Venerable Miao Jing’s also mentioned the Founder of the Order of Nun, Mahapajapati Gotami who had been ordained by Buddha more than 2000 years ago in ancient India when the caste system and social hierocracy dominated the society and culture. Mahapajapati Gotami set an example for all women with her dedication and devotion for wisdom and practice and was considered an influential role model for future Buddhist nuns upholding Bhikkhunis lineage. Today, only in the Mahayana traditions the Bhikkhunis Ordination has been reserved and given, while in several places in the world, many Buddhist nuns cannot receive full Bhikkhunis ordination nor complete Buddhist education. It is our hope that the Bhikkhunis of Mahayana traditions can continue their support and assistance to help nuns in Tibetan and Theravada traditions to revive their lineage’s Vinaya practice, to fulfill the true essence of four pillars of communities as Buddha had taught us.
Venerable Yi Fa, the Founder of Woodenfish Foundation, spoke about “Empowerment of Women in Buddhism” in her keynote speech. The Woodenfish Foundation under her guidance in the past decade has focused on introducing Western youths to learn Buddhism in Buddhist temples in China to experience monastic life, culture, and etiquettes. One of its popular programs is the United Nation Student Program. Venerable Yi Fa shared her views of modern Bhikkhunis and how Buddhist nuns in Chinese Mahayana traditions — Venerable Cheng Yen in Taiwan as an example — are contributing to the religious community, bringing peace to the societies, engaging in social actions for education and welfare. Female practitioners are equally capable of carrying out Buddhist missions therefore she encourages women to put their wisdom and compassion into practice.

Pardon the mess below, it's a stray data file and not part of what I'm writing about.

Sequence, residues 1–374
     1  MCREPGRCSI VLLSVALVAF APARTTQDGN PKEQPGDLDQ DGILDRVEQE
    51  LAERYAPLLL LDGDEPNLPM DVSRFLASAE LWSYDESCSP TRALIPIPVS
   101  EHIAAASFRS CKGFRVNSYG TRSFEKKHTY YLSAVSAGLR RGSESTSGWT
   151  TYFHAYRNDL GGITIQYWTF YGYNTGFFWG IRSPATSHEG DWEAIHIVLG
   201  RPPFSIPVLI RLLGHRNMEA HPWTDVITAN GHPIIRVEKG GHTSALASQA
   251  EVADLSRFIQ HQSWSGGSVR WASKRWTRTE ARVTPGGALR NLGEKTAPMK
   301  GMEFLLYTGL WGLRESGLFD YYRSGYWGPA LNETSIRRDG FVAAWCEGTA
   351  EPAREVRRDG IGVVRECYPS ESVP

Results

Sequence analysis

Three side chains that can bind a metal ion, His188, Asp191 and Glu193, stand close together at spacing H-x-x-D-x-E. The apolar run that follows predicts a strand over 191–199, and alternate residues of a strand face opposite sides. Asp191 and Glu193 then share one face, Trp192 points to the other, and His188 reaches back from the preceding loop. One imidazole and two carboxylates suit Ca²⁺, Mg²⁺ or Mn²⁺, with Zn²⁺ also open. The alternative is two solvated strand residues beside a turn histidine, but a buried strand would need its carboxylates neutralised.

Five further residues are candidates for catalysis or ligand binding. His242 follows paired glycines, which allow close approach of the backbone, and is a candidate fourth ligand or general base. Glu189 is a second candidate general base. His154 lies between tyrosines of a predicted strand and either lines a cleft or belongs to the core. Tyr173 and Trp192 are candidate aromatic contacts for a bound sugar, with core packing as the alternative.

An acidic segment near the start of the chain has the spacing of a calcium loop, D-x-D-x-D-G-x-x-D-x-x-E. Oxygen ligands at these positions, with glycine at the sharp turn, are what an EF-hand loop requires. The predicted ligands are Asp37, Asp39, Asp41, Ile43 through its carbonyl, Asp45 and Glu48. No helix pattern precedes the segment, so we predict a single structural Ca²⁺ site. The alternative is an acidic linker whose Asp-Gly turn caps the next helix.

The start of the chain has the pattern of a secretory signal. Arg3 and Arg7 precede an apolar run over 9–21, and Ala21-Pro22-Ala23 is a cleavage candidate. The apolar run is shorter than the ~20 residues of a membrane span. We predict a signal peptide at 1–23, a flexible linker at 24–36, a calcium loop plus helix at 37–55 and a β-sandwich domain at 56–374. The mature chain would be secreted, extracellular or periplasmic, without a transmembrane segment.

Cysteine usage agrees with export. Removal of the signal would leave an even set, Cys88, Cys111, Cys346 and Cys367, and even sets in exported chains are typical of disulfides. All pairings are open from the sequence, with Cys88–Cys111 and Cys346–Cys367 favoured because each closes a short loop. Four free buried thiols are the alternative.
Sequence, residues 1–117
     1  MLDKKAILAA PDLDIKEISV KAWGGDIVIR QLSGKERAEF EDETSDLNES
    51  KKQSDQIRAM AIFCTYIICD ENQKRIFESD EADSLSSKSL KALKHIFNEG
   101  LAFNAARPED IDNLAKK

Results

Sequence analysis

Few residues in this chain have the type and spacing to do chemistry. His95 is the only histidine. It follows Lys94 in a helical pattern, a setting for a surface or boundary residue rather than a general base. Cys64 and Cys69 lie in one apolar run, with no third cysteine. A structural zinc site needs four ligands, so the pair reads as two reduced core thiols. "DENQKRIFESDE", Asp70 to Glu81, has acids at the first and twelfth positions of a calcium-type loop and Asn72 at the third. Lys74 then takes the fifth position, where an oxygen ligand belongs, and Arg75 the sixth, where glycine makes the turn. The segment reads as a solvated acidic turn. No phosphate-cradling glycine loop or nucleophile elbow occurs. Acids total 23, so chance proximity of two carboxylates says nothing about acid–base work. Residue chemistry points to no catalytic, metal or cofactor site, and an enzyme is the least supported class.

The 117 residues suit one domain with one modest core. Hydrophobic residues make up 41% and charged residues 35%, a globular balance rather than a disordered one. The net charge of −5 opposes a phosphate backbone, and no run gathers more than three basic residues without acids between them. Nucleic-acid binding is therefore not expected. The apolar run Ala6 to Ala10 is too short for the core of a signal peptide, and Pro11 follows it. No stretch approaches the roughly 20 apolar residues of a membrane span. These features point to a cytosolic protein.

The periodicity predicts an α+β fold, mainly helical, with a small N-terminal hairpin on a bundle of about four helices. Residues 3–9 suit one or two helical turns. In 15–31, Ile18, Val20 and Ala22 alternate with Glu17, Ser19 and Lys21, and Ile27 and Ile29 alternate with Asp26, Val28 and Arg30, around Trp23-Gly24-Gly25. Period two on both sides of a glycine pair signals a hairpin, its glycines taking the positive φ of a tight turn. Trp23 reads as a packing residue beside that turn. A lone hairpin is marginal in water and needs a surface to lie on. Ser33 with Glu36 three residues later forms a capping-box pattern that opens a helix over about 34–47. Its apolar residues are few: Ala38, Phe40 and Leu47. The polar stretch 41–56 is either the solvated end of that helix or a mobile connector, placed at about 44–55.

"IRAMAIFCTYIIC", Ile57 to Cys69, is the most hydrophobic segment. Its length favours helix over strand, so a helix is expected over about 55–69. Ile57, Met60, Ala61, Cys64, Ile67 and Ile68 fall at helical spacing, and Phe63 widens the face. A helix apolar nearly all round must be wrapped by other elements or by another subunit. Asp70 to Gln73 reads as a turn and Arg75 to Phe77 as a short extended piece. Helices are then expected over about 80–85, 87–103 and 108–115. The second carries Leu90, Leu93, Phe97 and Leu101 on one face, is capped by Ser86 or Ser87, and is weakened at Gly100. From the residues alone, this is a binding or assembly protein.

During the Closing Ceremony on day two of the Forum, Venerable Miao Jing stressed again that the importance of collaboration between East and West is beyond research, lineages, and traditions, and how important it is to revive the Bhikkhuni Ordination and Vinaya education for Buddhism to develop in the Western world. “The world will be as big as your devotion,” said Venerable Yi Fa. The Forum has made the first step with success to bring Bhikkhunis of different traditions together to awaken inner wisdom in all female practitioners to bring hope and peace to the world. The Forum supporter, Dr. Frances Garrett from Department for the Study of Religion, also expressed that University of Toronto would like to continue to support the International Buddhist Bhikkhuni Forum in the future to increase awareness in issues relating to female practitioners.
The Forum was conducted in English and provided with simultaneous interpretation into Mandarin onsite by professional conference interpreters. The Forum was also streamed live via the organizer’s online channel to reach a wider audience in real time. The two-day Forum from May 26 to 27, 2018 was successfully closed with a Declaration of International Buddhist Bhikkhuni Forum signed by Buddhist nuns, scholars, volunteers and attendees.